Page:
Late on Thursday, Feb. 2, Oregon fisheries officials announced the closure of the commercial crab fishery from the north jetty of Coos Bay to Heceta Head as a result of elevated levels of domoic acid in crab samples tested by the state.

All crab that has been landed from the closed area since Jan. 25 and currently being harvested will have the viscera removed by Oregon Department of Agriculture-licensed processors to protect consumers from the biotoxin.

Crab fishermen will be allowed in the closed area over the next week to clear out their fishing operations, after which a full fishing prohibition goes into place in the closed area.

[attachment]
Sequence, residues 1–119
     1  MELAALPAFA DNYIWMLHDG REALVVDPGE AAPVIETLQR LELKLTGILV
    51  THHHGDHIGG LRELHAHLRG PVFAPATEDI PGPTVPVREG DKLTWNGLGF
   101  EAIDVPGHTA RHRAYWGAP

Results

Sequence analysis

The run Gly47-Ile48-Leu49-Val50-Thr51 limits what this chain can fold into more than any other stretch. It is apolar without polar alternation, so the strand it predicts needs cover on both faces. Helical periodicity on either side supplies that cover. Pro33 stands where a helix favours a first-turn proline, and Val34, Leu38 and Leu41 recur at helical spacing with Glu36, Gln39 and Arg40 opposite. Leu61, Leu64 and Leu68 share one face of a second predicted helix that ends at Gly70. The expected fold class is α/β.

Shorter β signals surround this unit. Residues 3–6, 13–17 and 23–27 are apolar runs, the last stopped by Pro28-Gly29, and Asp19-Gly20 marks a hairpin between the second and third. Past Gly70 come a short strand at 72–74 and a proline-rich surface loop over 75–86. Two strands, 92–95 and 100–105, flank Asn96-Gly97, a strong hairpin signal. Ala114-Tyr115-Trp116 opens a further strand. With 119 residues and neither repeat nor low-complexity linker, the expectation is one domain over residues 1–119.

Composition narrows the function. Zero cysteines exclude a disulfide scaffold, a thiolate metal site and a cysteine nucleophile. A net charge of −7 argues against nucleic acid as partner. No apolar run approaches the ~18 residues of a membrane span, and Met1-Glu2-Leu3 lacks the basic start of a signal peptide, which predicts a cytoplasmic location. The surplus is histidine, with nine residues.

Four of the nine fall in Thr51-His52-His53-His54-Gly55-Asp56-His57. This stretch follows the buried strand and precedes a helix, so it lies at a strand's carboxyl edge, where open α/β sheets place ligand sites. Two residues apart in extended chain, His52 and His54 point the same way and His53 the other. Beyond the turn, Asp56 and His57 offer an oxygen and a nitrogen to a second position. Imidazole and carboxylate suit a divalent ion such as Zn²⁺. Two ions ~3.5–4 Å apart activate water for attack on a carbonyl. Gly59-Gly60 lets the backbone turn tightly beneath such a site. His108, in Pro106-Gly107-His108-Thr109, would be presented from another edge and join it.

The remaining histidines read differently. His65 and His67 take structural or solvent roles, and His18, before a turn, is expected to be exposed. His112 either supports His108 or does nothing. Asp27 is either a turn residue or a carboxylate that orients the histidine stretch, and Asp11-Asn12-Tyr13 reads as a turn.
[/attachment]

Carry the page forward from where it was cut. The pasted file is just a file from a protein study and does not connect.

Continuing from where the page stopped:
Crab meat remains safe for consumption. Domoic acid levels are elevated only in the viscera of crab sampled and tested from the closed area. The area is also closed to recreational harvest. Grounds south of Coos Bay and north of Heceta Head remain open to commercial fleets.

State officials will continue working closely with the commercial Dungeness industry to monitor the coast for domoic acid by testing crab and other shellfish. Restrictions on Dungeness crab harvesting in the closed area will be lifted when test results allow.

Read the full release from the Oregon Department of Fish and Wildlife.

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Jessica Hathaway is the former editor in chief of National Fisherman.

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